Back on the job

UCAL employees resume work after promises of pay

After two days of work-to-rule action, employees of United Commercial Autoworks Limited (UCAL) were back on the job at 3 p.m. today, following an assurance that representation will be made to Minister of Finance Chris Sinckler to get some of the $20 million owed to them.

In the longer term, the financial situation will be addressed through a new contract that is to be negotiated.

Minister of Transport and Works Michael Lashley, who made the promise, also assured that Government had no intention of breaking the relationship between the Board and the worker-owned and operated UCAL.

Speaking to the media after a four-hour meeting with chairman of UCAL, Sir Roy Trotman; deputy chairman, Hilford Murrell; Barbados Workers’ Union (BWU) delegates; and directors of UCAL at his ministry, Lashley said: “We have come to an agreement that we will look at short-term measures that will ease the pressure off UCAL and the workers and they have agreed to it.”

“It was agreed that we will seek to determine the future relationship between the two parties by way of a new contract. I will be making representation to Cabinet to have some money released to UCAL and, thereafter, there will be future discussions in relation to other monies owing to and due to UCAL,” Lashley said.

The minister explained that although the contract between UCAL and the Transport Board had expired, the two sides were operating on terms that were beneficial to both institutions.

Sir Roy said there was no move to sever the UCAL-Transport Board ties over the dispute.

“We have been given the very clear commitment that it is the ministry’s intention to promote this product, this significant model of worker ownership and worker democracy. The minister has made it his commitment that, provided we are fully committed to ensuring that the matter becomes a successful enterprise, the Government will continue the relationship,” he said.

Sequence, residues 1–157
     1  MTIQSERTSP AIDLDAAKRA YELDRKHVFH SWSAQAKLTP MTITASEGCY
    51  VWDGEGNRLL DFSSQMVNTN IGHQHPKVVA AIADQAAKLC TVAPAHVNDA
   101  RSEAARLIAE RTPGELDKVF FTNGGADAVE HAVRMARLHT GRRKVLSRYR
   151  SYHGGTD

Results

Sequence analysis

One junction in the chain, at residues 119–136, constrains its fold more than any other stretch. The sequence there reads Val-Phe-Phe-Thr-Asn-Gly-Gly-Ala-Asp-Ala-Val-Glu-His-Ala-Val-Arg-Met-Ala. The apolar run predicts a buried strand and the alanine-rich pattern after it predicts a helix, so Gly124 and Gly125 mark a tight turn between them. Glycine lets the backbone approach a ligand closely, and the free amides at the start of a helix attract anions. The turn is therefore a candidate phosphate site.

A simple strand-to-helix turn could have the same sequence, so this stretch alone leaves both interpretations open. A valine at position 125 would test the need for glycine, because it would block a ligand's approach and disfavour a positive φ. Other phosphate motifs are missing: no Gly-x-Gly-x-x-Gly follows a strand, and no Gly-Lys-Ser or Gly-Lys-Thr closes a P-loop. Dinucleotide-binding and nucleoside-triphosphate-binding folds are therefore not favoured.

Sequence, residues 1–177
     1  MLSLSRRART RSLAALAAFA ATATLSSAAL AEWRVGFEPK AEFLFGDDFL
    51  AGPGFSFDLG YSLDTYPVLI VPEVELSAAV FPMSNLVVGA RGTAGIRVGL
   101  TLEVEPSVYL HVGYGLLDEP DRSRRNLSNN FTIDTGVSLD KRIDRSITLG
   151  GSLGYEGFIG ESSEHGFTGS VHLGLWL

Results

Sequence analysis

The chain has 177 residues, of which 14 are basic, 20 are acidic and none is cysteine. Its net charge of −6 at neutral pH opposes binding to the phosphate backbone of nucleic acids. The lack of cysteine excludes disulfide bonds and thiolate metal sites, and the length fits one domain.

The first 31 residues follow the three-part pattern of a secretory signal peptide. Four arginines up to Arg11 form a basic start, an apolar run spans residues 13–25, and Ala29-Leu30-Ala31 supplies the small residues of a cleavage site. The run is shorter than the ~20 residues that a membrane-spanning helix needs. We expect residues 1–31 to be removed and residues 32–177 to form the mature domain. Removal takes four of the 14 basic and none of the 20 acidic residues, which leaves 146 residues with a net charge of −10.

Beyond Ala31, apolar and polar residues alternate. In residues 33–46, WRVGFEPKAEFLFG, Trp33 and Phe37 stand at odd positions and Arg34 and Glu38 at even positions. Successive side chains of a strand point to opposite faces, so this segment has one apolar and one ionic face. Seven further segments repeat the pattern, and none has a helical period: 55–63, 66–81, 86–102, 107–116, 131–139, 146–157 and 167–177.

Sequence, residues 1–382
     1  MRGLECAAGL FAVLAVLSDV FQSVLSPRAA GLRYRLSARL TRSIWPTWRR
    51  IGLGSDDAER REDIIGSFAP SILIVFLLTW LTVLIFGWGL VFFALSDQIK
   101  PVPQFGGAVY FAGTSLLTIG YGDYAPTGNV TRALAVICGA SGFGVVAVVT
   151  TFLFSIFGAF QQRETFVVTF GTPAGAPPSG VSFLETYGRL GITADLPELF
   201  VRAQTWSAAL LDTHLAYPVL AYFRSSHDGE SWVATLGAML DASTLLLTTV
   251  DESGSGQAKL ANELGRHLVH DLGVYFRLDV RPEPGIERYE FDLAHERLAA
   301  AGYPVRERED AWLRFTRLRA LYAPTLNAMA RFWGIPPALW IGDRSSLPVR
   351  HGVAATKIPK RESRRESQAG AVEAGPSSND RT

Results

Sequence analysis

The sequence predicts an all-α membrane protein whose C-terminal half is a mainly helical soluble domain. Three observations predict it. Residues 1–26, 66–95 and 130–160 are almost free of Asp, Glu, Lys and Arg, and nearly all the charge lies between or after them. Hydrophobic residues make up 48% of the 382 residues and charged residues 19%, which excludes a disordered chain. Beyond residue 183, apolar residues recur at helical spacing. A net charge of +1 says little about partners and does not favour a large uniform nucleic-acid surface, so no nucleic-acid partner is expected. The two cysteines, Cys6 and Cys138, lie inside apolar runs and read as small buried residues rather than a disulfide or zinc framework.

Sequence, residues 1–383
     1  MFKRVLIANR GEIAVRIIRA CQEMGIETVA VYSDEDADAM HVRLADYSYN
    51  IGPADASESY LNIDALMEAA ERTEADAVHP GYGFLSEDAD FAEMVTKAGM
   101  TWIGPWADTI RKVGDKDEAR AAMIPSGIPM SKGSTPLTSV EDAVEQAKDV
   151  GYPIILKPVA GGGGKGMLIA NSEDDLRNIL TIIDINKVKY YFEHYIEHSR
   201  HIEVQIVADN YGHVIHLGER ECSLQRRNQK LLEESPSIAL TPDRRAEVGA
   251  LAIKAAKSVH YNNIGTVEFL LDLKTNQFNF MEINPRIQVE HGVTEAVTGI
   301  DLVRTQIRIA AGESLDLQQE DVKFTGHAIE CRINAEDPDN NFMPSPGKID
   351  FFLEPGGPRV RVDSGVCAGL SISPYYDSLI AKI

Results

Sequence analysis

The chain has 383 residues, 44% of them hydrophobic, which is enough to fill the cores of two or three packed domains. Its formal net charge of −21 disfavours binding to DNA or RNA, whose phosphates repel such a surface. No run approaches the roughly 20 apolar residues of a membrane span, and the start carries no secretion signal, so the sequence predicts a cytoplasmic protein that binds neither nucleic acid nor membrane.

Sir Roy said that would be “good news to small business people, especially in this company where the worker is the owner and shareholder of the company”.

“The Government has given that commitment and it has said it remains committed to industrial democracy and worker ownership,” the veteran trade unionist said.

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4 Responses to Back on the job

  1. Tony Webster September 27, 2014 at 1:58 am

    Well, it had to happen, eventually: the Bajan version of the “Mexican standoff”. No-one wishes to shoot first; evahbody wishes to keep their guns pointed at the other guys head. No-0ne “wins”. And nothing, absolutely nothing…happens but yaka, yaka, yaka., ad nauseum.
    But evahbody else…like citizens and chump taxpayers…will continue to lose…their tax-dollars, and UCAL families are merely “grist for the mill” …in this year of our Lord, 2014.
    The only “solution” is that God in his wisdom and mercy, will despatch a bolt of lightning, and bop-off all the “yakers” simultaneouusly! Did I say ” lightning”? I really meant “enlightenment”.

  2. Antonio A Antonio
    Antonio A Antonio September 27, 2014 at 6:31 am


  3. Astra September 27, 2014 at 9:08 am

    Less talk more action would be a big surprise in Barbados !!

  4. Patrick Blackman September 27, 2014 at 1:15 pm

    It is amazing that anyone in their right mind could ever believe that the transport Board could ever make money with the type of system we have there. Take all of those reckless minibuses off the road and have one national transit system. Go and visit some of the major cities in the US, Canada and see how they do things and then come home and make things right.


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